On Monday Dell officially stepped into the blogosphere and launched their new blog, called one2one.
I'm going to hold back from saying anything too negative about their blog just yet because How long before disgruntled Dell customers find the blog and use it as a forum for venting their spleen?it's new and just getting it's feet underneath it. However, as a reader I'm confused as to who the blog is aimed at. They started off by posting a number of videos, which is cool. But then they post a few server-related topics that are hip-deep in server jargon. OK, that's great for those with an interest (and working knowledge of ) servers, but they've lost/bored/scared away anyone interested in, say, an XPS system. Then there's the cow path post, an impenetrable post that's 100% marketing speak. Today Dell have a post that's aimed at reciprocating the link-love shown to them by the A-list bloggers, a post which crams Jarvis, Rubel, Holtz and Scoble all in two paragraphs! It's great to see that Dell are listening to feedback, but it's important for them to realize that talking to other A-list bloggers isn't the same thing as talking to customers.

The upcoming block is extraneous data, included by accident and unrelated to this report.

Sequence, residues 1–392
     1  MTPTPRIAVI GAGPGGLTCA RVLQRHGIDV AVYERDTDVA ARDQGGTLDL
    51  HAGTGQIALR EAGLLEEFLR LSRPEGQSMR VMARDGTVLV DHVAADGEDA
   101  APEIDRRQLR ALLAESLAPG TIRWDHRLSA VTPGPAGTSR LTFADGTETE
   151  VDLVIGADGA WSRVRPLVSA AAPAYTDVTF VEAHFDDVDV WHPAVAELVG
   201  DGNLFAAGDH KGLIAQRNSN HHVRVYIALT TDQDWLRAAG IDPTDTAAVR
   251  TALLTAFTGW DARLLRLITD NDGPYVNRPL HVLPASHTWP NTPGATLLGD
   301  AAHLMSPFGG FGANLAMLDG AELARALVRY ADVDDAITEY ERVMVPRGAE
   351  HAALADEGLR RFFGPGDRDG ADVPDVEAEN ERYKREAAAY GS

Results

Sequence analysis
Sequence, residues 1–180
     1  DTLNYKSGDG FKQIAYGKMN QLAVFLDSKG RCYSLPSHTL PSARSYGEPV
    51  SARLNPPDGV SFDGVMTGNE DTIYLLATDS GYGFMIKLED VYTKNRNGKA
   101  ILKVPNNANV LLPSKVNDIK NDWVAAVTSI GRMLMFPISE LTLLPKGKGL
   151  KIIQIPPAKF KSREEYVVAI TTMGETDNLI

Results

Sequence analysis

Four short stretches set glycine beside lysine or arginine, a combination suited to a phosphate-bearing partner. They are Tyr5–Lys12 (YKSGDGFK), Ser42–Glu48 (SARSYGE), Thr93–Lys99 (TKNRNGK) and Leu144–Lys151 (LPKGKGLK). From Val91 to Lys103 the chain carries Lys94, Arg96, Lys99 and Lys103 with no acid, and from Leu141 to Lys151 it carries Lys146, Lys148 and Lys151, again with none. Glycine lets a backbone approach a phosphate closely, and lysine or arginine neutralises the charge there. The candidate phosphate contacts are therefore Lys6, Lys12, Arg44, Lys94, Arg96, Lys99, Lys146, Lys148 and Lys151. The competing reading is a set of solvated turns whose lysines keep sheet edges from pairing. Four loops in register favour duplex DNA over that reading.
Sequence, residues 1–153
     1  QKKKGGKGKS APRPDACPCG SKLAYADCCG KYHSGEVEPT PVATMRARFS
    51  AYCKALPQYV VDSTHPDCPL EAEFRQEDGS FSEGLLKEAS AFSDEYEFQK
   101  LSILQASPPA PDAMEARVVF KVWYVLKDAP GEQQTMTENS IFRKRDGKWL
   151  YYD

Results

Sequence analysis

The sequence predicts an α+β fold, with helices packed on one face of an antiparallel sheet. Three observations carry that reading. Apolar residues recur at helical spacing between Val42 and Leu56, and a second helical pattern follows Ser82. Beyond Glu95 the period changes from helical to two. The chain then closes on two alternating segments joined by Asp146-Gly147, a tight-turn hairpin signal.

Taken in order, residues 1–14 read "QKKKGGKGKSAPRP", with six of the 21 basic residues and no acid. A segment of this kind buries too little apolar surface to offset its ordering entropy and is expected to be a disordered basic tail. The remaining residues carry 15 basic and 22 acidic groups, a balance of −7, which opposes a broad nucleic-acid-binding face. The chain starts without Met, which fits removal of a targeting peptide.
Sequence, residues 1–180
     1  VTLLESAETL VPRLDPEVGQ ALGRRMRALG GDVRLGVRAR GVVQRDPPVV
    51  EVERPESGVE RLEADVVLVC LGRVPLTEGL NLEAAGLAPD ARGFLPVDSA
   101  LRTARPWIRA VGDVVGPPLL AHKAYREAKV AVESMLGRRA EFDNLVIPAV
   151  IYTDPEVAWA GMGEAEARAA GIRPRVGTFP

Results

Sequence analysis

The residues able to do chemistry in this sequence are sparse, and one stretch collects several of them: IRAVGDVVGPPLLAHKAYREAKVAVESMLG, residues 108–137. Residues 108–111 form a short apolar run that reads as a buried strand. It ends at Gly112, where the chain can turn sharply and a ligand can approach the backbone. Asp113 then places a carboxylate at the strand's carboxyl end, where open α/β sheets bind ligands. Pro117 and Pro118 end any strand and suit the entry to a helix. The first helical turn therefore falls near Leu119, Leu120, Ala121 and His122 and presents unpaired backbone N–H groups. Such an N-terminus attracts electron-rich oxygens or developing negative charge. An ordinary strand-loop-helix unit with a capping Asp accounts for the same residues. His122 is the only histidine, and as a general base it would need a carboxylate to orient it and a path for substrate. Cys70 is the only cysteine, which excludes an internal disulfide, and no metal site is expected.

The Jarvis/Rubel/Holtz/Scoble post actually outlines the intention of the blog - "Our intention with this blog is to address issues that are important to our customers" - but I'm still trying to figure out who these customers actually are. The blog needs to focus on a particular area or theme to keep the reader interested. A few days in and I'm finding it hard to keep up with the different topics. Partly this is because the blog has multiple authors, but mostly it's because Dell is trying to have one blog that appeals to all their market sectors. I can already see the one2one blog evolving into two or three distinct blogs, each catering for a different market. That, or Dell pull the plug on it as soon as things get hairy.
Final thought - how long before disgruntled Dell customers find the blog and use it as a forum for venting their spleen? A lot of Dell customers don't what Dell to do more talking, they want them to shut up and listen to the issues they are having with the company. Addressing issues important to the customer will mean taking the bitter with the sweet…